A new, small-scale controlled environment plant growth chamber is described, which permits accurately controlled temperatures from ambient (c. 20°C) down to −5°C in the day or −15°C at night. The system also allows controlled injection of pollutant gases.
The chamber is based on a modified commercial chest freezer with temperature control achieved through by-passing the cooling coils in the inner walls of the freezer. This by-pass is controlled by a BBC microcomputer which gives nominal temperature control to 0·1°C over definable diurnal temperature profiles. Photoperiod is also controlled by the microcomputer. The chamber forms a virtually closed system to which pollutant gases are added by injection from low concentration cylinders, regulated using mass flow controllers. The accuracy with which pollutant concentrations are controlled is increased by filtration of the air-stream after passing over the experimental plants: i.e. a ‘single-pass’ system is adopted.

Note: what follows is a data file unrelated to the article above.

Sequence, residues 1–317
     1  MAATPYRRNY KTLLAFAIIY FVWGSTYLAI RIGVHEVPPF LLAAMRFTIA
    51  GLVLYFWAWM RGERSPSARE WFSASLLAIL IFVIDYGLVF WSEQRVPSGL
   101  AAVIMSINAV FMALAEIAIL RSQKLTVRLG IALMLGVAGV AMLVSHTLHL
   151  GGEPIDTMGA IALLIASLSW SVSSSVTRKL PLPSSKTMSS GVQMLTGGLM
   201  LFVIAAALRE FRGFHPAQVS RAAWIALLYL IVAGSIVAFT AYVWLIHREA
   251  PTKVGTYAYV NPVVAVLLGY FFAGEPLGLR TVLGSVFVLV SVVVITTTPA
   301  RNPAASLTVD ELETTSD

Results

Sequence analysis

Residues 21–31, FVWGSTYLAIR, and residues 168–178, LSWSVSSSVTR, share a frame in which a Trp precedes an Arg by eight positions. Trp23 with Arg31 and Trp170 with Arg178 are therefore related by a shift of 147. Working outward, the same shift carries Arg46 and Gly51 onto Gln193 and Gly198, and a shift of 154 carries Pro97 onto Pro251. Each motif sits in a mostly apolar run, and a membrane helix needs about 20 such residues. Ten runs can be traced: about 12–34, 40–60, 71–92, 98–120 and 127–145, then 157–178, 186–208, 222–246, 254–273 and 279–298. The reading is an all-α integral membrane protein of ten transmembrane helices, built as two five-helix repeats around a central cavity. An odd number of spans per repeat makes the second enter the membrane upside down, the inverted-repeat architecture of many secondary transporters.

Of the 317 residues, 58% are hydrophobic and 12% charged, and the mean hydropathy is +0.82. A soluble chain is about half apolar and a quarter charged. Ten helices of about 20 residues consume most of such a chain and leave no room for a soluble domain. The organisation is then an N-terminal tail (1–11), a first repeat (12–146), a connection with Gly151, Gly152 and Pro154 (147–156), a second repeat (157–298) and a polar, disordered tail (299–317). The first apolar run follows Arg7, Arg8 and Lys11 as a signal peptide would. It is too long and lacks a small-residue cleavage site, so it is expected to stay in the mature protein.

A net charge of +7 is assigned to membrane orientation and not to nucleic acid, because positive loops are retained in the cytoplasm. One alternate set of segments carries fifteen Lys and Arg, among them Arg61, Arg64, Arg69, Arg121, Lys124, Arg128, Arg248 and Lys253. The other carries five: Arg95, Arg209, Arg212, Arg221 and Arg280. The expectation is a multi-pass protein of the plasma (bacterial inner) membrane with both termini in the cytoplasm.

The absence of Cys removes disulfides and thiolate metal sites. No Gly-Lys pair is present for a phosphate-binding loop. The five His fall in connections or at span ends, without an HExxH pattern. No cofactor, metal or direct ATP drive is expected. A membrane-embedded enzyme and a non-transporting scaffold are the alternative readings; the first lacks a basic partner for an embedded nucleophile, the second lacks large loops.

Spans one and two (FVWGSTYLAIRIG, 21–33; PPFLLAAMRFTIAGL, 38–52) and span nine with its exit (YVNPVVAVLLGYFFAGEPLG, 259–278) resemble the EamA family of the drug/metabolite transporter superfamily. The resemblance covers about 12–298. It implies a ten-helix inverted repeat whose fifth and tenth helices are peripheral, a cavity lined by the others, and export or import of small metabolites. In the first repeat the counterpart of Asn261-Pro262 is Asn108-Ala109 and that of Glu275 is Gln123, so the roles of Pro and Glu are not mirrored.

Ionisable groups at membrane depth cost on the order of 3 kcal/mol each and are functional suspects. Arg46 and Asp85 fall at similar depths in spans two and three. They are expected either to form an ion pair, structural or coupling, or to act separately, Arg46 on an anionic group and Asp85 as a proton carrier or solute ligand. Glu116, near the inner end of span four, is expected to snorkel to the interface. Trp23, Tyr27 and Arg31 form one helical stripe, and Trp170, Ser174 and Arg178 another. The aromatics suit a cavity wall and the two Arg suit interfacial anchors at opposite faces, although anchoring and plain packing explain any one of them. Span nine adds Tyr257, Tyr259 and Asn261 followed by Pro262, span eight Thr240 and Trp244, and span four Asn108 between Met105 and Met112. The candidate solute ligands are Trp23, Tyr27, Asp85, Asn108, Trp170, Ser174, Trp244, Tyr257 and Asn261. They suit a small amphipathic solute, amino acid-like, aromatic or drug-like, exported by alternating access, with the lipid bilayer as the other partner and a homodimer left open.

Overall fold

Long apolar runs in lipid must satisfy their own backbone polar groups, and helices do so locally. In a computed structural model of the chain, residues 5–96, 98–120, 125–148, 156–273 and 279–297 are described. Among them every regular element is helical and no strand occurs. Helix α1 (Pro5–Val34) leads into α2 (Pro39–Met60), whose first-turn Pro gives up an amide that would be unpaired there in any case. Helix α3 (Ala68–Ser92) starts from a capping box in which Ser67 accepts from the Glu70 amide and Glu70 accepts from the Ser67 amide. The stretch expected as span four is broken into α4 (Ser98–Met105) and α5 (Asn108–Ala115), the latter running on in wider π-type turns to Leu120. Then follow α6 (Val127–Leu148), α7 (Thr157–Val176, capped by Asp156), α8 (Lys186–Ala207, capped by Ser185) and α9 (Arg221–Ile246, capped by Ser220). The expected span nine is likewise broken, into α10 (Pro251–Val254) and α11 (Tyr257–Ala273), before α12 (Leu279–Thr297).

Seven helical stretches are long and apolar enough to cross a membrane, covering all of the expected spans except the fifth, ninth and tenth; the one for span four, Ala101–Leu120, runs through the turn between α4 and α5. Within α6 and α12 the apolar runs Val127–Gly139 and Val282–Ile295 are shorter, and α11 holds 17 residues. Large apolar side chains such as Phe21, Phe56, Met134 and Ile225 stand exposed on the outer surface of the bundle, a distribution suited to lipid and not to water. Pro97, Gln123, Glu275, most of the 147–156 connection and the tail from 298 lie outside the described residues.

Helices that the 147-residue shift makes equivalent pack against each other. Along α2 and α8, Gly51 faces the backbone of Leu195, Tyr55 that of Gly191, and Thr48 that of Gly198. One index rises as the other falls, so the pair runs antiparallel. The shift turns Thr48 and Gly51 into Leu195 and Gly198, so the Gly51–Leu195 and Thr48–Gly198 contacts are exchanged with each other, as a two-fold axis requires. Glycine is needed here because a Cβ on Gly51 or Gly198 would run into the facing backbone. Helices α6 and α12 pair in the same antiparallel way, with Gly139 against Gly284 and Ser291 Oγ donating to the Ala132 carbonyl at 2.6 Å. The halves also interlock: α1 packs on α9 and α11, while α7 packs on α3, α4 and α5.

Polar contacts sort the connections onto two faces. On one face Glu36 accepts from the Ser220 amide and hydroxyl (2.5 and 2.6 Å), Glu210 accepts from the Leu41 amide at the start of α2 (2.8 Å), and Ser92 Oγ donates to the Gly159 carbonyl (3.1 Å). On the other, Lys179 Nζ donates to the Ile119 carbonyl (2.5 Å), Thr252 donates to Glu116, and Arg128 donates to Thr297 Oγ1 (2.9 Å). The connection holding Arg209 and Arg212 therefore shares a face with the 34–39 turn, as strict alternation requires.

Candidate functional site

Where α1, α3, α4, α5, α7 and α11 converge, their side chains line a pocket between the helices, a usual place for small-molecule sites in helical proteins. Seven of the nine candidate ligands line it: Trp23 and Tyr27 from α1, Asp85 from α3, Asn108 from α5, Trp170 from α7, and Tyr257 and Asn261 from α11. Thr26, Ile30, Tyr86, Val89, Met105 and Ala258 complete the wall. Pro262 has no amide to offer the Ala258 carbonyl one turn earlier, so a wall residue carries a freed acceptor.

In operation air temperatures across the chambers are controlled to within 1-1·5°C of the pre-set value over the range 25 to −10°C. Leaf temperatures are 2·5-3·0°C above air temperatures during the day, with a total energy input of c. 180 Wm−2 from two 400 W metal halide lamps. The lamps provide a photon fluence rate of 270±30 μmol quanta PAR m−2 s−1 at plant height. During the dark, leaf temperatures deviate less than 1·0°C from air temperature. Soil temperatures are controlled separately from air temperature and are held above zero at all times. To date, fumigation, with NO2 and SO2 has been confined to the daytime. At pre-set concentrations of 20 nl litre−1 variations during fumigation were less than 2·0–2·5 nl litre−1 and 0·5 nl litre−1, respectively.